To minimize disk I/O, the
engine employs a strategy that is used by many database
management systems. It exploits a cache mechanism to keep the
most frequently accessed table blocks in memory:
For index blocks, a special structure called the key cache (key buffer) is maintained. The structure contains a number of block buffers where the most-used index blocks are placed.
For data blocks, MySQL uses no special cache. Instead it relies on the native operating system filesystem cache.
This section first describes the basic operation of the
MyISAM key cache. Then it discusses recent
changes (made in MySQL 4.1) that improve key cache performance
and that enable you to better control cache operation:
Access to the key cache no longer is serialized among threads. Multiple threads can access the cache concurrently.
You can set up multiple key caches and assign table indexes to specific caches.
You can control the size of the key cache by means of the
key_buffer_size system variable. If this
variable is set equal to zero, no key cache is used. The key
cache also is not used if the
value is too small to allocate the minimal number of block
When the key cache is not operational, index files are accessed using only the native filesystem buffering provided by the operating system. (In other words, table index blocks are accessed using the same strategy as that employed for table data blocks.)
An index block is a contiguous unit of access to the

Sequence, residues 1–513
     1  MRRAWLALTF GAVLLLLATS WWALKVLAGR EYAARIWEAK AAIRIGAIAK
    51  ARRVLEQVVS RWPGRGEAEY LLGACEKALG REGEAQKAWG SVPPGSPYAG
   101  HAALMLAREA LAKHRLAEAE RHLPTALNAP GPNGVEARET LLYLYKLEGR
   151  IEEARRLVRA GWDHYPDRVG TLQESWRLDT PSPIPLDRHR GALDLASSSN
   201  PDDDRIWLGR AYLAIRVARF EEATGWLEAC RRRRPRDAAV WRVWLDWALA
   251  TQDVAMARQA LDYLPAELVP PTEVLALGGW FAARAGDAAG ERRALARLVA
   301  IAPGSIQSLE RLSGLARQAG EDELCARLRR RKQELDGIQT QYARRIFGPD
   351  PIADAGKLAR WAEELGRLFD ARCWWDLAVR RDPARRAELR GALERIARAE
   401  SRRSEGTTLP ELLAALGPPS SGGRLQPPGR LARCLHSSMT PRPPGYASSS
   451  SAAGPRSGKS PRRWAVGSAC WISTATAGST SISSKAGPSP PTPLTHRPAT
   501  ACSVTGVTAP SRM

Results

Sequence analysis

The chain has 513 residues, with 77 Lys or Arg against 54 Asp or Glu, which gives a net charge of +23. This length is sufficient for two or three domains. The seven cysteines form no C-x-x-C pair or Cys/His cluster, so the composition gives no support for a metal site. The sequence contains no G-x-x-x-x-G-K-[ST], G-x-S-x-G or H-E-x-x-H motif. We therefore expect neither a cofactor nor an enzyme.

MyISAM index files. Usually the size of an
index block is equal to the size of nodes of the index B-tree.
(Indexes are represented on disk using a B-tree data structure.
Nodes at the bottom of the tree are leaf nodes. Nodes above the
leaf nodes are non-leaf nodes.)
All block buffers in a key cache structure are the same size. This size can be equal to, greater than, or less than the size of a table index block. Usually one these two values is a multiple of the other.
When data from any table index block must be accessed, the server first checks whether it is available in some block buffer of the key cache. If it is, the server accesses data in the key cache rather than on disk. That is, it reads from the cache or writes into it rather than reading from or writing to disk. Otherwise, the server chooses a cache block buffer containing a different table index block (or blocks) and replaces the data there by a copy of required table index block. As soon as the new index block is in the cache, the index data can be accessed.
If it happens that a block selected for replacement has been modified, the block is considered “dirty”. In this case, prior to being replaced, its contents are flushed to the table index from which it came.
Usually the server follows an LRU (Least Recently Used) strategy: When choosing a block for replacement, the least recently used index block is selected. To make such a choice easier, the key cache module maintains a special queue (known as an LRU chain ) of all used blocks. When a block is accessed, it is placed at the end of the queue. When blocks need to be replaced, blocks at the beginning of the queue are the least recently used and become the first candidates for eviction.
Ésta es una traducción del manual de referencia de MySQL, que puede encontrarse en dev.mysql.com. El manual de referencia original de MySQL está escrito en inglés, y esta traducción no necesariamente está tan actualizada como la versión original. Para cualquier sugerencia sobre la traducción y para señalar errores de cualquier tipo, no dude en dirigirse a firstname.lastname@example.org.